Yet, Menger seems to neglect this quite a bit:

Economizing Individuals [section in-progress]

At the center of Menger's thought, continuously echoed throughout his work, is the idea of the economizing individual. It is through the economizing behavior of various people that the rest of his theory comes together. He defines the economizing individual as such:

Economizing individuals strive to better their economic positions as much as possible. To this end they engage in economic activity in general. And to this end also, whenever it can be attained by means of trade, they exchange goods. (Menger 191)

Menger himself acknowledges this, using this concept to fill the void left behind by his rejection of price theory:

However much prices, or in other words, the quantities of goods actually exchanged, may impress themselves on our senses, and on this account form the usual object of scientific investigation, they are by no means the most fundamental feature of the economic phenomenon of exchange. This central feature lies rather in the better provision two persons can make for the satisfaction of their needs by means of trade...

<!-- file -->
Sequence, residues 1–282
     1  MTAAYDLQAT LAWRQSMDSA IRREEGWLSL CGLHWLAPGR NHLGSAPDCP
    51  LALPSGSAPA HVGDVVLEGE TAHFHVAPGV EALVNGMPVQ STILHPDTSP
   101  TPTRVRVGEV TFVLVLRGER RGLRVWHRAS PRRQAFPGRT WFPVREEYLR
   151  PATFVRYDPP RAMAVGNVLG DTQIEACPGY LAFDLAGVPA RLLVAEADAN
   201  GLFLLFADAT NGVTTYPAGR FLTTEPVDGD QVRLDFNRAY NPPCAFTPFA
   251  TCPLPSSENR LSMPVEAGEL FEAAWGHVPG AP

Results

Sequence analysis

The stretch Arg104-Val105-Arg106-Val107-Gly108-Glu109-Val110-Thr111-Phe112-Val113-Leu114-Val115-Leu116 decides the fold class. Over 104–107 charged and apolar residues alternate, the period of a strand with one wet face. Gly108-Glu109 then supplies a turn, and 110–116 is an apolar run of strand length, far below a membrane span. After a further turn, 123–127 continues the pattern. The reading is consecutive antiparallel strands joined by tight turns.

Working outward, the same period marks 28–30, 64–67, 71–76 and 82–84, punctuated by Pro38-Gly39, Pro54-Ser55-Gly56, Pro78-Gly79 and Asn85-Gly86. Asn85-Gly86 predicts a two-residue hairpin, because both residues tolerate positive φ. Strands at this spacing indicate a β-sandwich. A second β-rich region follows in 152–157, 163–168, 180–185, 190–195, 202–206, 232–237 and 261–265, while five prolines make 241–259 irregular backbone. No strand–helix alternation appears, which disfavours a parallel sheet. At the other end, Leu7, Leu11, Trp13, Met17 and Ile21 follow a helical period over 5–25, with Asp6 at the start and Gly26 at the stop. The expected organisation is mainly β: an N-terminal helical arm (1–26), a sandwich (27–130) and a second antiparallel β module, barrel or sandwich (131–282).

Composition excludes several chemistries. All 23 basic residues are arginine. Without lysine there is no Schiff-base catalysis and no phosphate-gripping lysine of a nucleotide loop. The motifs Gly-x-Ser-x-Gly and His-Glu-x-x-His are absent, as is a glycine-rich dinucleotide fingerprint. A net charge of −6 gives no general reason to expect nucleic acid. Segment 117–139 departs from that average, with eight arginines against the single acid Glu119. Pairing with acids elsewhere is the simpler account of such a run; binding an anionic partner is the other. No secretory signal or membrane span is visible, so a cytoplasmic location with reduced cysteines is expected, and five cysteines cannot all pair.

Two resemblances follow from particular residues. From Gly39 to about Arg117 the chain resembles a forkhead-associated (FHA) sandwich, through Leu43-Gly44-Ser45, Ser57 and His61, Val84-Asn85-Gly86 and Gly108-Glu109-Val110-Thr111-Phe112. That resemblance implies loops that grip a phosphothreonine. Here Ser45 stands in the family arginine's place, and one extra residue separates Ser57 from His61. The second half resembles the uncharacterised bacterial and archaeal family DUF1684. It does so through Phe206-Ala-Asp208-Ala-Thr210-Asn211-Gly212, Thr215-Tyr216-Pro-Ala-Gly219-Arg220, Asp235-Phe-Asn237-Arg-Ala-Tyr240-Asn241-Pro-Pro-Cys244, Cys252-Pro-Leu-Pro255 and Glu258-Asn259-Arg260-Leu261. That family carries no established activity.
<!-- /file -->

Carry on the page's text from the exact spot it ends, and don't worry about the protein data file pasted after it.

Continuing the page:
If the locks between two still bodies of water at different levels are opened, the surface will become ruffled with waves that will gradually subside until the water is still once more. The waves are only symptoms of the operation of the forces we call gravity and friction. The prices of goods, which are symptoms of an economic equilibrium in the distribution of possessions between the economies of individuals, resemble these waves. The force that drives them to the surface is the ultimate and general cause of all economic activity, the endeavor of men to satisfy their needs as completely as possible, to better their economic positions. (Menger 191-192)